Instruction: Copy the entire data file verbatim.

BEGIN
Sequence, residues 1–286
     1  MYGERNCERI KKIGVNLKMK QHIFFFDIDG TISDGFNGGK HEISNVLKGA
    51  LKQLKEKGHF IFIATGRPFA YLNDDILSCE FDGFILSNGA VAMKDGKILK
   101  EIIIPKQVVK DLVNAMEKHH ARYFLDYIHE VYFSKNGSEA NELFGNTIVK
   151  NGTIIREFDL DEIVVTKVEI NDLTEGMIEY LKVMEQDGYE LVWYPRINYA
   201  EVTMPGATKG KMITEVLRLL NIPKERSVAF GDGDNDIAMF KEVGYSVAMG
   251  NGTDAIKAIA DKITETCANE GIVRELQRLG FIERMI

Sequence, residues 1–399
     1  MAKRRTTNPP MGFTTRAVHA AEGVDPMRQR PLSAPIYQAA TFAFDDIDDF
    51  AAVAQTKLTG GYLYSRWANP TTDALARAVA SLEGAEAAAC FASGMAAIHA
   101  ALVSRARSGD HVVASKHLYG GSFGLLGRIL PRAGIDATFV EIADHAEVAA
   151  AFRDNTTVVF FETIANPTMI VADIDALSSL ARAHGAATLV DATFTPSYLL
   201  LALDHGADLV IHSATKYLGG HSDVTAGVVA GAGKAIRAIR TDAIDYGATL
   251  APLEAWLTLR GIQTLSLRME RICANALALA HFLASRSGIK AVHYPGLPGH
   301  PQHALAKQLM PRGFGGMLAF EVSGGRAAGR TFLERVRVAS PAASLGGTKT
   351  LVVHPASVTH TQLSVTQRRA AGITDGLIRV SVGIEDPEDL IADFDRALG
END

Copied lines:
Sequence, residues 1–286
     1  MYGERNCERI KKIGVNLKMK QHIFFFDIDG TISDGFNGGK HEISNVLKGA
    51  LKQLKEKGHF IFIATGRPFA YLNDDILSCE FDGFILSNGA VAMKDGKILK
   101  EIIIPKQVVK DLVNAMEKHH ARYFLDYIHE VYFSKNGSEA NELFGNTIVK
   151  NGTIIREFDL DEIVVTKVEI NDLTEGMIEY LKVMEQDGYE LVWYPRINYA
   201  EVTMPGATKG KMITEVLRLL NIPKERSVAF GDGDNDIAMF KEVGYSVAMG
   251  NGTDAIKAIA DKITETCANE GIVRELQRLG FIERMI

Sequence, residues 1–399
     1  MAKRRTTNPP MGFTTRAVHA AEGVDPMRQR PLSAPIYQAA TFAFDDIDDF
    51  AAVAQTKLTG GYLYSRWANP TTDALARAVA SLEGAEAAAC FASGMAAIHA
   101  ALVSRARSGD HVVASKHLYG GSFGLLGRIL PRAGIDATFV EIADHAEVAA
   151  AFRDNTTVVF FETIANPTMI VADIDALSSL ARAHGAATLV DATFTPSYLL
   201  LALDHGADLV IHSATKYLGG HSDVTAGVVA GAGKAIRAIR TDAIDYGATL
   251  APLEAWLTLR GIQTLSLRME RICANALALA HFLASRSGIK AVHYPGLPGH
   301  PQHALAKQLM PRGFGGMLAF EVSGGRAAGR TFLERVRVAS PAASLGGTKT
   351  LVVHPASVTH TQLSVTQRRA AGITDGLIRV SVGIEDPEDL IADFDRALG